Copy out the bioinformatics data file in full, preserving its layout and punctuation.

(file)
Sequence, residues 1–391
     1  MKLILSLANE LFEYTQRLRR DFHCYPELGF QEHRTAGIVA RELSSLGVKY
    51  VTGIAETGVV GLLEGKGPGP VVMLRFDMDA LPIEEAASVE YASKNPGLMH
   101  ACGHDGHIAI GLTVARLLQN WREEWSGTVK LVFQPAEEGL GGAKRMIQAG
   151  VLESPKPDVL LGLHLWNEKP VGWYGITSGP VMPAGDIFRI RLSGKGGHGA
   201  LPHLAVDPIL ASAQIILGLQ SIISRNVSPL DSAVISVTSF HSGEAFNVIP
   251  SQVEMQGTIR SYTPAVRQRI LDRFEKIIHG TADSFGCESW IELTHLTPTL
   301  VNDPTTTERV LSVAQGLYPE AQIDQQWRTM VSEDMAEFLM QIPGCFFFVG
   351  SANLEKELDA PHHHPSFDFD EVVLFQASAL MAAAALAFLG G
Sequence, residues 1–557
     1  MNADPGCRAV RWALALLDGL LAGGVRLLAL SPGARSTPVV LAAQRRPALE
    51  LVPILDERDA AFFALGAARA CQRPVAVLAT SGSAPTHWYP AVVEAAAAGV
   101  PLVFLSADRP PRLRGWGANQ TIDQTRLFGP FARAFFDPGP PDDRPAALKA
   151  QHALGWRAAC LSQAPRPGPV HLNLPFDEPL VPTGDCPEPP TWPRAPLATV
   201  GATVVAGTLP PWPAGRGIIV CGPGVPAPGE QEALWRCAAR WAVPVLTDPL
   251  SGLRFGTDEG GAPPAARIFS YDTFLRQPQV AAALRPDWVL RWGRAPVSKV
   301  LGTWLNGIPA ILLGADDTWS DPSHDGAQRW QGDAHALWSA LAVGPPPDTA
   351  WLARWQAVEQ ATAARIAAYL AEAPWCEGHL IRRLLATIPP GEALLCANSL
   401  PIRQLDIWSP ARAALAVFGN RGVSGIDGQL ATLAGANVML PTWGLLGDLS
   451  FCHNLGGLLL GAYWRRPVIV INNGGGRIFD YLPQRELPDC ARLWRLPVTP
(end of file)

Sequence, residues 1–391
     1  MKLILSLANE LFEYTQRLRR DFHCYPELGF QEHRTAGIVA RELSSLGVKY
    51  VTGIAETGVV GLLEGKGPGP VVMLRFDMDA LPIEEAASVE YASKNPGLMH
   101  ACGHDGHIAI GLTVARLLQN WREEWSGTVK LVFQPAEEGL GGAKRMIQAG
   151  VLESPKPDVL LGLHLWNEKP VGWYGITSGP VMPAGDIFRI RLSGKGGHGA
   201  LPHLAVDPIL ASAQIILGLQ SIISRNVSPL DSAVISVTSF HSGEAFNVIP
   251  SQVEMQGTIR SYTPAVRQRI LDRFEKIIHG TADSFGCESW IELTHLTPTL
   301  VNDPTTTERV LSVAQGLYPE AQIDQQWRTM VSEDMAEFLM QIPGCFFFVG
   351  SANLEKELDA PHHHPSFDFD EVVLFQASAL MAAAALAFLG G
Sequence, residues 1–557
     1  MNADPGCRAV RWALALLDGL LAGGVRLLAL SPGARSTPVV LAAQRRPALE
    51  LVPILDERDA AFFALGAARA CQRPVAVLAT SGSAPTHWYP AVVEAAAAGV
   101  PLVFLSADRP PRLRGWGANQ TIDQTRLFGP FARAFFDPGP PDDRPAALKA
   151  QHALGWRAAC LSQAPRPGPV HLNLPFDEPL VPTGDCPEPP TWPRAPLATV
   201  GATVVAGTLP PWPAGRGIIV CGPGVPAPGE QEALWRCAAR WAVPVLTDPL
   251  SGLRFGTDEG GAPPAARIFS YDTFLRQPQV AAALRPDWVL RWGRAPVSKV
   301  LGTWLNGIPA ILLGADDTWS DPSHDGAQRW QGDAHALWSA LAVGPPPDTA
   351  WLARWQAVEQ ATAARIAAYL AEAPWCEGHL IRRLLATIPP GEALLCANSL
   401  PIRQLDIWSP ARAALAVFGN RGVSGIDGQL ATLAGANVML PTWGLLGDLS
   451  FCHNLGGLLL GAYWRRPVIV INNGGGRIFD YLPQRELPDC ARLWRLPVTP